Page 149 - Jewish Book Annual Volume 48

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YUDKIN / REALITY IN THE FICTION OF YAAKOV SHABTAI
141
ROLE OF N A R R A T O R
The technique o f the novel is not then that o f unbounded
association on the part o f the protagonists, but that o f
narratorial association linked within the enormous paragraph.
This omniscient,
invisible
narrator keeps control o f the narrative.
It is he who has determ ined that the passage o f time covered
be nine months, that there are to be three main characters,
that the theme be death, and that this association be ensured
by the book’s open ing and closure. The narrative is one o f ex ­
panding circles, taking o f f from a particular moment in time,
place and character, and reaching out to others touched by
memory and connection. The unity o f the novel is created by
this narrator, who holds the action together, with its characters,
time, scale and scene.
As in any novel, the narrative space o f
ZD
is not evenly dis­
tributed according to the narrative time scale. The first eighty-
four pages (about one third o f the novel) describe the day o f
the funeral, i.e. one third o f the narrative is concerned with
about one two hundred and seventieth o f the time covered.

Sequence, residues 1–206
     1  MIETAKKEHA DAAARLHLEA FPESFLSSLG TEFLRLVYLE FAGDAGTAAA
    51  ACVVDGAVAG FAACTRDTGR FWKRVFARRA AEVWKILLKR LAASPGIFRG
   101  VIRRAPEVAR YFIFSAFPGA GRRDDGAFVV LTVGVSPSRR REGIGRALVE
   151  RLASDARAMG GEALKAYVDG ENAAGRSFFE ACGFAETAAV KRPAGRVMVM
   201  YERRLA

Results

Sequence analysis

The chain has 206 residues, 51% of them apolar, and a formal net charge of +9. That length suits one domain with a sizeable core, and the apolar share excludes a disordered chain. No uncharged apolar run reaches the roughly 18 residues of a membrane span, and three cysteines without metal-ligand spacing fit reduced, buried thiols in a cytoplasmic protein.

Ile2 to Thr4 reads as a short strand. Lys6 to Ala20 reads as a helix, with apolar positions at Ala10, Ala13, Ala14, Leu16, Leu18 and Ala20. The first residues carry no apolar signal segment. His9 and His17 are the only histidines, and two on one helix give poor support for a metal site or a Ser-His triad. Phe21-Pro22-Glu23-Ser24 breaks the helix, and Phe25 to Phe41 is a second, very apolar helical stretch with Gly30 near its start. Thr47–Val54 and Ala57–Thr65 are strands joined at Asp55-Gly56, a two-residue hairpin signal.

It had begun to look as though the narrator was locked into
a sequential narrative,24 building an equivalent o f the time de­
scribed with the text itself. But at this point in the narrative
o f
ZD
(p. 92), there is an anticipatory jump in mid-sentence
that jolts us into the next day. At one moment, Caesar is prom­
ising his son that he would take him to a film on the day fol­
lowing: “ . . . but then Caesar d idn’t come as he got involved
with an American tourist, who took up his whole afternoon and
evening till she let him sleep with her.”25 This anticipatory leap,
when the narrative moves forward but then again backwards,
is confirmed a few pages later in the description o f Yisrael wak­
ing up the next day with Elah.26 So there has been some hov­
ering between one day and the next, anticipating what is com­
ing, then moving back, before shifting unambiguously forward,
when again the narrative threads and temporal positions o f the
three protagonists are reassembled.
After the detailed description o f the first day, the link be­
tween narrative space and the time described becomes much
24. Following what Genette calls “duree.”
25.
ZD,
p. 92.
26. Ibid., p. 115.